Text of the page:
A new Swift video series exploring functional programming and more.
#32 • Monday Oct 1, 2018 • Subscriber-only

Decodable Randomness: Part 2

This week we compare our Decodable solution to building random structures with a composable solution involving the Gen type, exploring the differences and trade-offs of each approach. Along the way we’ll rediscover a familiar old friend with a brand new application.

#32 • Monday Oct 1, 2018 • Subscriber-only

Decodable Randomness: Part 2

This week we compare our Decodable solution to building random structures with a composable solution involving the Gen type, exploring the differences and trade-offs of each approach. Along the way we’ll rediscover a familiar old friend with a brand new application.


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Introduction

So what we are seeing is that we put in a lot of upfront work with Decodable, and got some impressive results out it because we can effortlessly generate a random value from pretty much any data type we define. However, the system is very rigid and will mostly create invalid values for your domain, like email addresses and positive user ids.

Maybe there’s another way. We saw last time that our Gen type was able to do things that the Swift 4.2 randomness APIs were not capable of, so maybe it can help us out again?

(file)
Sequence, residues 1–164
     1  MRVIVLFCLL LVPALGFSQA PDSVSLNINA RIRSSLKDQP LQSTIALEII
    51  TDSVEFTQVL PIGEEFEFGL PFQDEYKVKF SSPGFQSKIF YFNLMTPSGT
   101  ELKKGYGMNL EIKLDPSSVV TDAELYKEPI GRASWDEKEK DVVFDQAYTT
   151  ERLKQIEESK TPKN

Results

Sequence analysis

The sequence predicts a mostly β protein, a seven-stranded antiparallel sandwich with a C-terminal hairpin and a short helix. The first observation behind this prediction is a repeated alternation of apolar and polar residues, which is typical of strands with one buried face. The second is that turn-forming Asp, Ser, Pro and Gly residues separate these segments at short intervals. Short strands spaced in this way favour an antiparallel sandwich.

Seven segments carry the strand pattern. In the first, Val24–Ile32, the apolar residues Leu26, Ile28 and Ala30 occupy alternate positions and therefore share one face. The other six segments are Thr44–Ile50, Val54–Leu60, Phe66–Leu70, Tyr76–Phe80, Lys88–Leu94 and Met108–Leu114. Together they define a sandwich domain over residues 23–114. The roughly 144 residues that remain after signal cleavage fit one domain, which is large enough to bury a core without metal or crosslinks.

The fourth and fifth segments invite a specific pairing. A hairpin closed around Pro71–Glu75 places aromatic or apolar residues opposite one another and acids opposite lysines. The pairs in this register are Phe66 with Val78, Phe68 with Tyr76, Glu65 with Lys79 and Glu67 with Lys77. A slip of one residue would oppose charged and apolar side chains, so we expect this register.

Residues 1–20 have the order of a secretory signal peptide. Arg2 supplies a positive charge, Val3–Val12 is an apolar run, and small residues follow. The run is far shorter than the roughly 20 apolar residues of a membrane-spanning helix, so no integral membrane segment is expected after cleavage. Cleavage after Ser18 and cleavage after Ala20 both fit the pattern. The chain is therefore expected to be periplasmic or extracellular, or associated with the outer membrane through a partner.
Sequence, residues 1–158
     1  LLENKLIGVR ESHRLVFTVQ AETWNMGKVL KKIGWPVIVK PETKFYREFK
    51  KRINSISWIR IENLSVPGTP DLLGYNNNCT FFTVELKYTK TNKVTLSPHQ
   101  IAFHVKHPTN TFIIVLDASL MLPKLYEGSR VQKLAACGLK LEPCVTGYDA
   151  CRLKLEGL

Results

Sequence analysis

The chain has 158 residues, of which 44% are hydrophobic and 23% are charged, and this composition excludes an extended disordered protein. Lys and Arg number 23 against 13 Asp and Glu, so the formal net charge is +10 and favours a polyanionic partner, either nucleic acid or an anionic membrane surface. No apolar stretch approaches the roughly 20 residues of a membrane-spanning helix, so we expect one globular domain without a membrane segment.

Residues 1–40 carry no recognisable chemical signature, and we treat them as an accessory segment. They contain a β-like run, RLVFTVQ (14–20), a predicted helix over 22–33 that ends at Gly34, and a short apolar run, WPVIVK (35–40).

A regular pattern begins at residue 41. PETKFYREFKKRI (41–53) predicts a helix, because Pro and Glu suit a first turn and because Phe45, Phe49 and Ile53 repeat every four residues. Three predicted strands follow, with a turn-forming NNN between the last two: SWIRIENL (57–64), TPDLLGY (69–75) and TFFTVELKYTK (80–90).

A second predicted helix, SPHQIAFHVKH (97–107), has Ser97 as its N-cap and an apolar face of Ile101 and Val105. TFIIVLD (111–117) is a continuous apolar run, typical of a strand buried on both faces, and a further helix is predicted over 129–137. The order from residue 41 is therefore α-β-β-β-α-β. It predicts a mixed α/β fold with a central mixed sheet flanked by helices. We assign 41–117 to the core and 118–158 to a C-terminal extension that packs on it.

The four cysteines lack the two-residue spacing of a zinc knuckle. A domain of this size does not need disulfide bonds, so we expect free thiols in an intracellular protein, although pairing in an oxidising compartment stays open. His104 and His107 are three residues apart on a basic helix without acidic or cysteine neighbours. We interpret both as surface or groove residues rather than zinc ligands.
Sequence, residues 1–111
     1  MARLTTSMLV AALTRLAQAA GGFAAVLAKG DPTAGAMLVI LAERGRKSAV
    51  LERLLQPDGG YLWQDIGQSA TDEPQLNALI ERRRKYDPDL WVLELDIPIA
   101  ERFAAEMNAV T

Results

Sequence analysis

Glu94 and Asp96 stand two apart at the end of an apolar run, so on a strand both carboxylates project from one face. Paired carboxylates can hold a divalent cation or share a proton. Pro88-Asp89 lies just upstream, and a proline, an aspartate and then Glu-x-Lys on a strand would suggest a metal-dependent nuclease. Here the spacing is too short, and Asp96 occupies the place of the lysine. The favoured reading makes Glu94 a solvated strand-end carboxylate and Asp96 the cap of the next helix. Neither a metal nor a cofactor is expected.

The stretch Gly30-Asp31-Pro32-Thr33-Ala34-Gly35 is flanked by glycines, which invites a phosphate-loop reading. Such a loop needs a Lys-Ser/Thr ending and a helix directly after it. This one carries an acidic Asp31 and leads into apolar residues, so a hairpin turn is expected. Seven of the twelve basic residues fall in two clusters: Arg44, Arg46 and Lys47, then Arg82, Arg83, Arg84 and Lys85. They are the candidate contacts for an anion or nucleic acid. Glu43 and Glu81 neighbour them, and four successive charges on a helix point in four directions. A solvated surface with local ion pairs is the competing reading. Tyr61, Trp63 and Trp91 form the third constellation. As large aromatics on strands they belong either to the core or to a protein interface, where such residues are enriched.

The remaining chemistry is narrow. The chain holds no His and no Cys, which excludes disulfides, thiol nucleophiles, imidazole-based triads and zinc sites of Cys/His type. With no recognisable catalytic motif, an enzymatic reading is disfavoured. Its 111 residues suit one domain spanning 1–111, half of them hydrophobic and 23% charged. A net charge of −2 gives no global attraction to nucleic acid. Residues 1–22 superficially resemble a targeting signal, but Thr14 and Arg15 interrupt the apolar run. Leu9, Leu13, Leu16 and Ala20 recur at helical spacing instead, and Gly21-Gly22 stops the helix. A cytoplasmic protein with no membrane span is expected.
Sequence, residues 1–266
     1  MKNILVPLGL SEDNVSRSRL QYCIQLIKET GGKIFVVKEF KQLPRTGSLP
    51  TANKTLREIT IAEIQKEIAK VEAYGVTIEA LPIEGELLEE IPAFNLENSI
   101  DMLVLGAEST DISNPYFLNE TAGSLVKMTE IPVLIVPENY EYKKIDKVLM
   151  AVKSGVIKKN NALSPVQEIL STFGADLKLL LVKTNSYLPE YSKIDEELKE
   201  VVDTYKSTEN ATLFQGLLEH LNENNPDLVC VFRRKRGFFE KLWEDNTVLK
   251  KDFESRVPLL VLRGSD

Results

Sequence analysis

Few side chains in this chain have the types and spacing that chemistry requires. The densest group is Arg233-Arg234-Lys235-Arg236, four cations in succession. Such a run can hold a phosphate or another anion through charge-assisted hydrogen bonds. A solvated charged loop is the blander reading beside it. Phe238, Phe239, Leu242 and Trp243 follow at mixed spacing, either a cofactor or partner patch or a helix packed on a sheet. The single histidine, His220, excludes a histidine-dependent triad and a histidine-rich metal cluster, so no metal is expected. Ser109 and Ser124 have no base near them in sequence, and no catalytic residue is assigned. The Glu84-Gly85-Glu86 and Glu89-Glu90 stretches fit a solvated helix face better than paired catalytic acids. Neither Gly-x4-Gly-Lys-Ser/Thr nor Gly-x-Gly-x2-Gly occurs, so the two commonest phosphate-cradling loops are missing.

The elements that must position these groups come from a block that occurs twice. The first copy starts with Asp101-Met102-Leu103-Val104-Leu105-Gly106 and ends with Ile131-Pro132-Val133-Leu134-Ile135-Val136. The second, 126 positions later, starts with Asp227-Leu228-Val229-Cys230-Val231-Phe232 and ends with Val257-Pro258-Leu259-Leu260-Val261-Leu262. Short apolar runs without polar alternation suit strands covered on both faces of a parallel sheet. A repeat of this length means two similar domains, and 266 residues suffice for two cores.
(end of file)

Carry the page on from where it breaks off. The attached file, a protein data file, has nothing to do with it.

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Exercises

  1. Redefine Gen‘s base unit of randomness, random, which is a Gen<UInt32> to work with Swift 4.2’s base unit of randomness, the RandomNumberGenerator protocol. The base random type should should change to UInt64.

  2. Swift 4.2’s protocol-oriented solution allows us to define custom types that conform to RandomNumberGenerator. Update Gen to evaluate given any RandomNumberGenerator by changing run’s signature.

  3. Use a custom random number generator that can be configured with a stable seed to allow for the Gen type to predictably generate the same random value for a given seed.

    You can look to Nate Cook’s playground, shared on the Swift forums, or (for bonus points), you can define your own linear congruential generator (or LCG).

  4. Write a helper that runs a property test for XCTest! A property test, given a generator and a block of code, will evaluate the block of code with a configurable number of random runs. If the block returns true, the property test passes. It it returns false, it fails. The signature should be the following.

    func forAll<A>(_ a: Gen<A>, propertyShouldHold: (A) -> Bool)
    

    It should, internally, call an XCTAssert function. Upon failure, print out the seed so that it can be reproduced.

  5. Enhance the forAll API to take file: StaticString = #file, line: UInt = #line, which can be passed to XCTest in order to highlight the correct line on failure.

Chapters
Introduction
00:05
Composing structure
01:00
Zipping structure
11:45
Strengthening structure
16:10
Strengthening structure again
19:52
What’s the point?
22:26